When it comes to home-oriented stand mixers, power often ends up mattering more than most would suppose. While a hand-held mixer suffices for many common kitchen tasks, there comes a time when only a beefier, more permanent stand mixer will live up to what is asked of it. When that moment arrives, many amateur chefs pick up something on the low end of the scale, supposing that will be all that is needed to take care of their occasional requirements of this kind.
That outlook often turns out to be shortsighted, though. While an economical stand mixer might suffice for whipping up a quick, small batch of cake batter, it will not be able to do many of the things that a more capable model might. More often than not, deficits of that sort can be traced back to a lack of power.
In fact, online reviews of stand mixers that are produced by experienced home cooks often put this point front and center. Those who read the full review of a unit from a respected company that nonetheless get a middling score will very often find that the reviewer was disappointed in the device’s power. Problems of this kind manifest themselves in any of a number of ways, all of which will limit the basic usefulness of the mixer.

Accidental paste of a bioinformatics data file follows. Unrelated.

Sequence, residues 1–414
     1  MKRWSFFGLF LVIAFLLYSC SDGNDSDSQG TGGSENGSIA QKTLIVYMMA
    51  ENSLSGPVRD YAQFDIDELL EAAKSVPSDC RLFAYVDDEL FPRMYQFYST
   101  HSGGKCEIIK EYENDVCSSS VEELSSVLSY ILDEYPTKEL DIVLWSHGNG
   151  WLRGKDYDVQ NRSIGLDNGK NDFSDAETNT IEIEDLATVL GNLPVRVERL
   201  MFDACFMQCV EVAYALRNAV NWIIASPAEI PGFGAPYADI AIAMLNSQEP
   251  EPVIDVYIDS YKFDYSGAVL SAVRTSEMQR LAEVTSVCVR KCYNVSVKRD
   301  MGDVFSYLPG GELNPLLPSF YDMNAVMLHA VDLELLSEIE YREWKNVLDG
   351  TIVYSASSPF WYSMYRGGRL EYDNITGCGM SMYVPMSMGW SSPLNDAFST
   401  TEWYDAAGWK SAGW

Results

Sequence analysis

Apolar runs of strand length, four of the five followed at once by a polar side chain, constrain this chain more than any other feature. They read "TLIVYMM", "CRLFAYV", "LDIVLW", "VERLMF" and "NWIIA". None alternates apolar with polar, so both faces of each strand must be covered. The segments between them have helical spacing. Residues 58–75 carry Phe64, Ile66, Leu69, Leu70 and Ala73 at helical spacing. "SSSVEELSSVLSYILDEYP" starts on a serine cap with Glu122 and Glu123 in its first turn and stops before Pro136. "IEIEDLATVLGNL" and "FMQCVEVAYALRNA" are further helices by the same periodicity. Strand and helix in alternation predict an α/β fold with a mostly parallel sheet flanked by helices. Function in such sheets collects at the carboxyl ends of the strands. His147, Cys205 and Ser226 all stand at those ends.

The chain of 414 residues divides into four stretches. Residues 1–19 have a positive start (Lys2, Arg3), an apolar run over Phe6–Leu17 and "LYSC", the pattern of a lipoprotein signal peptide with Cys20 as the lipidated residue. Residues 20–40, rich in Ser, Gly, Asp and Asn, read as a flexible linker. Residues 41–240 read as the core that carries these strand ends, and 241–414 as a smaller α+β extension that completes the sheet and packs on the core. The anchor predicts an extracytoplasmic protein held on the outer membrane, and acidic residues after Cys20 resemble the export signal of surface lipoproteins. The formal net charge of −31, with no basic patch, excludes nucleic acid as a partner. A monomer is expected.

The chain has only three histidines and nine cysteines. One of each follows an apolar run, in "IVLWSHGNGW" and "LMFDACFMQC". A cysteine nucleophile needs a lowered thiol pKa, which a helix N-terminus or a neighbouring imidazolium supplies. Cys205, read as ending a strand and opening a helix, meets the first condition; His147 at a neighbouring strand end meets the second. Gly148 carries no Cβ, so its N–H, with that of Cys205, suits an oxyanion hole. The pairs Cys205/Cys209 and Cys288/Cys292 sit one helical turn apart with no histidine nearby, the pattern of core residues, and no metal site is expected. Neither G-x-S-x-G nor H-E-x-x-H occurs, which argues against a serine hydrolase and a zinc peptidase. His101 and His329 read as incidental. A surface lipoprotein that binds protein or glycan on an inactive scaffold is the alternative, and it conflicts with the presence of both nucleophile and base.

While an under-powered mixer, for example, might be okay for bringing together thin sauces and other watery mixes, it will never extend much beyond such relatively simple work. A mixer that lacks power will not be useful for mixing and kneading dough, for example, with glutinous flour being simply too much for it to handle. It will also never be able to handle the kinds of advanced tasks, like grinding meat, that high-end mixers often have special attachments for tackling.
A mixer with relatively little in the way of power, then, is a limited one. It can sometimes make sense to invest a small amount of money in a device of this class that will only be used rarely. On the other hand, many home cooks who plan to be active in the kitchen for a while to come might be better off saving up for a better mixer.